One out of Five Korean Students Couldn't Write Their Own Names
January 09, 2008 | 6,328
Recently professor Lee Myung-Hak of the Dept. of Korean Literature in Classical Chinese at Sungkyunkwan University tested the literacy level in Chinese characters of 384 freshmen. 20% of them failed to write their own names in Chinese characters, 77% of them couldn’t write their mother’s name, while 83% couldn’t write their father’s name.
Two out of 10 college freshmen cannot write their own names, while eight out of ten cannot write their parents’ names.
The situation must be similar at other universities. It’s not even surprising that only 7 percent of them were able to read the word “ambition,” 4 percent could read “honor,” while only 1 percent could read “compromise.”
The situation was no different when it came to writing in Chinese characters, with 71 percent unable to write “new student,” 96 percent unable to write “economy” and 98 percent unable to write “encyclopedia.” Some wrote “bamboo mat” instead of “university.”
Our students do not learn Chinese characters while in school. They have almost completely disappeared from literature textbooks. Only a few schools still teach Chinese characters and usually due to the passion of the school principals.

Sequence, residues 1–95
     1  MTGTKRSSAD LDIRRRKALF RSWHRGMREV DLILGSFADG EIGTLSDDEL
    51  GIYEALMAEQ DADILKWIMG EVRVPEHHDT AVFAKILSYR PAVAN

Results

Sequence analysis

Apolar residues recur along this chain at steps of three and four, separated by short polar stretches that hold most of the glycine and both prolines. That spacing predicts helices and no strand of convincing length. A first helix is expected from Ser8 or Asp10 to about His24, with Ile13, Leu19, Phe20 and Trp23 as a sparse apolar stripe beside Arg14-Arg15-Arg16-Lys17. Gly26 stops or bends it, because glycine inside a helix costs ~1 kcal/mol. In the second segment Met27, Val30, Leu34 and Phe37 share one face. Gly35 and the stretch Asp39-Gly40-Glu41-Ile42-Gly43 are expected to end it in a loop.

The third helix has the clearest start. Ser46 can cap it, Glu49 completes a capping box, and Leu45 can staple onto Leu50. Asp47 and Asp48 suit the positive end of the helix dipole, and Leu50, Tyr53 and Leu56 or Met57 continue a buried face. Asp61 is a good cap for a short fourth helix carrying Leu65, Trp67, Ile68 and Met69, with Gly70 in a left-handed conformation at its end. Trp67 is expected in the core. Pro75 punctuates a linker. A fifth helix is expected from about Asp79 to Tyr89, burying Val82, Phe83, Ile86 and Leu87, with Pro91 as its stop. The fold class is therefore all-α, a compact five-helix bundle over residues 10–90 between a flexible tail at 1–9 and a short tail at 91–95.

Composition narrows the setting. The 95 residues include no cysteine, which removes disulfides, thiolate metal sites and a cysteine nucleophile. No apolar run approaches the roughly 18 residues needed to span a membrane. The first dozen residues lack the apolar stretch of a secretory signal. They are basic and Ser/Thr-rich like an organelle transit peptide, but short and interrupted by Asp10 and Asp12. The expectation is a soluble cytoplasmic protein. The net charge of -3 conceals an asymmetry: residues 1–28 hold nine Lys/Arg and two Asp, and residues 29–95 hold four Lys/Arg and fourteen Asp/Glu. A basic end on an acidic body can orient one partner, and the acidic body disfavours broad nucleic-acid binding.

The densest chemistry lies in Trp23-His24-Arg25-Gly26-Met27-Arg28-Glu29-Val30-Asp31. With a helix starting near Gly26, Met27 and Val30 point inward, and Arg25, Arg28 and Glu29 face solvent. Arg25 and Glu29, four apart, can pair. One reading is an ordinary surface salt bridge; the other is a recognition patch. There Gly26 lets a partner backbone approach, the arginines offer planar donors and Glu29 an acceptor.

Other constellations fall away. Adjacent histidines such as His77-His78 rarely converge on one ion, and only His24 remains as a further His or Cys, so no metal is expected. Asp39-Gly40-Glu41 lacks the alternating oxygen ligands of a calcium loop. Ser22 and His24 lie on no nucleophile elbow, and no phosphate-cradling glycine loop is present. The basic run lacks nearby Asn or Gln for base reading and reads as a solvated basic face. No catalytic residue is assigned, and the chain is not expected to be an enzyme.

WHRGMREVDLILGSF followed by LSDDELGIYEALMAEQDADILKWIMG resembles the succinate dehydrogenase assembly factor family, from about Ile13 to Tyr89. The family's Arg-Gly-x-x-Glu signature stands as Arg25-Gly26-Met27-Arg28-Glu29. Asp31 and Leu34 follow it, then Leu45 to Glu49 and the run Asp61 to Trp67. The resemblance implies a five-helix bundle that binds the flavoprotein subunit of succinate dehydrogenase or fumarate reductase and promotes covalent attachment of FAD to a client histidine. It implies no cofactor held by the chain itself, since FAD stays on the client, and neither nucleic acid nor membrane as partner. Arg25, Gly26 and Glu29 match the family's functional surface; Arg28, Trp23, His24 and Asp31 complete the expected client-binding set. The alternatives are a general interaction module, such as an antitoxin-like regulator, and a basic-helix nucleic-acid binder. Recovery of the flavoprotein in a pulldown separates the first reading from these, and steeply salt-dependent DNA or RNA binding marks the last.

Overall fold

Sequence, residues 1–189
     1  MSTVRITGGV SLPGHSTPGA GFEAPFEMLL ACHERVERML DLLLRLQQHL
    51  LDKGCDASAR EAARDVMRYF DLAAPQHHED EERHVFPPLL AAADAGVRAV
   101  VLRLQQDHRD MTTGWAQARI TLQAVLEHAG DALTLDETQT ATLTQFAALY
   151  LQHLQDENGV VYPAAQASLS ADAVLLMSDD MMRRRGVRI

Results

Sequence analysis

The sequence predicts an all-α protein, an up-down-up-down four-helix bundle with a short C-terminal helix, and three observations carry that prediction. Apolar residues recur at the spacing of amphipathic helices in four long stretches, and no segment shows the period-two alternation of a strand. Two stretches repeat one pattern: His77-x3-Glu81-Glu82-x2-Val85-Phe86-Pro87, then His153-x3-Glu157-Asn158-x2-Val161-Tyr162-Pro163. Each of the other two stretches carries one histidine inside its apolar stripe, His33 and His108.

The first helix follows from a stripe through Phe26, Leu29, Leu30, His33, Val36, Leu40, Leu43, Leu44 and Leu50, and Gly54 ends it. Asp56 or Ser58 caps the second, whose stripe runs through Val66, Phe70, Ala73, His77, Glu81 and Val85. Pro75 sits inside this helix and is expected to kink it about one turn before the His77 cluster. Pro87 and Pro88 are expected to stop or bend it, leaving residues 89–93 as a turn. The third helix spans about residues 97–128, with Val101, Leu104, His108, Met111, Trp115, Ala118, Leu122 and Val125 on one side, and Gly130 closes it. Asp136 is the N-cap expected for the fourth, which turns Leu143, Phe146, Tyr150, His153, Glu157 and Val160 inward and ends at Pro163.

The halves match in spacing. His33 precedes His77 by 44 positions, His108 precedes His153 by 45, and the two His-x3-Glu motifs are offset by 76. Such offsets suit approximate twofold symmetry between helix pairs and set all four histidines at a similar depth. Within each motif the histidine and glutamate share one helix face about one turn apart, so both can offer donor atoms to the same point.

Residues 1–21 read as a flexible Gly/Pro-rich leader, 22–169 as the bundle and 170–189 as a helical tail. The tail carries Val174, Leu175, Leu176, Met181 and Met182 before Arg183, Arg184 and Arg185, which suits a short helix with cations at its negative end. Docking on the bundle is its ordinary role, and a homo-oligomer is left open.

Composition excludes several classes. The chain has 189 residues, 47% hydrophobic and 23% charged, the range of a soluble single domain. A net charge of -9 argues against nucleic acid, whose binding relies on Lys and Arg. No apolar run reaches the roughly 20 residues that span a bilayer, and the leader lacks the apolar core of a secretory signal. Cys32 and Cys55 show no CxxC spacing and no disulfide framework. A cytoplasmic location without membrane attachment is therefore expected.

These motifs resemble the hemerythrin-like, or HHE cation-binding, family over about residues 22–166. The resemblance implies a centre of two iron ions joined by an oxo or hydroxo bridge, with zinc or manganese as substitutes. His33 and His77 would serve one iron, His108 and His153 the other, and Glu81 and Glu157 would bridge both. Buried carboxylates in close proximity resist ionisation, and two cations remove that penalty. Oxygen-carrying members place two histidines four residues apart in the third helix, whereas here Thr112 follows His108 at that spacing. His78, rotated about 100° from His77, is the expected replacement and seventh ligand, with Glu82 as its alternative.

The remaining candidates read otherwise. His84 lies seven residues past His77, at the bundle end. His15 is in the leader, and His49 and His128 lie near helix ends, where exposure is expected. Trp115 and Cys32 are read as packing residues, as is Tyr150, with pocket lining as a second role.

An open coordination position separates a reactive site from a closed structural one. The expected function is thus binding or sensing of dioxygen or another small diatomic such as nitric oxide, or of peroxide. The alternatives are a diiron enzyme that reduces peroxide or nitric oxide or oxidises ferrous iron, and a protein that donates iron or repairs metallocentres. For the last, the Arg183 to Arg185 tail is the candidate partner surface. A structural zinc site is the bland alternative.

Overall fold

High school students can take Chinese characters as an elective course in their junior or senior year, but hardly any of them sign up for it in scholastic aptitude tests. Existing verbal aptitude tests do not contain questions involving Chinese characters.
Seventy percent of Korean words including most conceptual and abstract nouns are made of Chinese characters. Terminology used in humanities, social studies and natural science are mostly Chinese characters. It is difficult to understand the meaning of words by pronunciation alone, without learning about the meanings of the Chinese characters that represent them. Words such as “recurrence”, “repatriation” and “homing” contain the Chinese character that stands for “return.” Without knowing that character, you must memorize each of those words separately by sound.
Chinese characters, which are a common method of spelling in Northeast Asia, are important means of communication in economic activities. Learning Chinese characters and developing Korean go hand in hand. In order to cultivate and refine our traditional language, we must master Chinese characters, in which Koreans used to think, learn, communicate and chronicle for almost 2,000 years.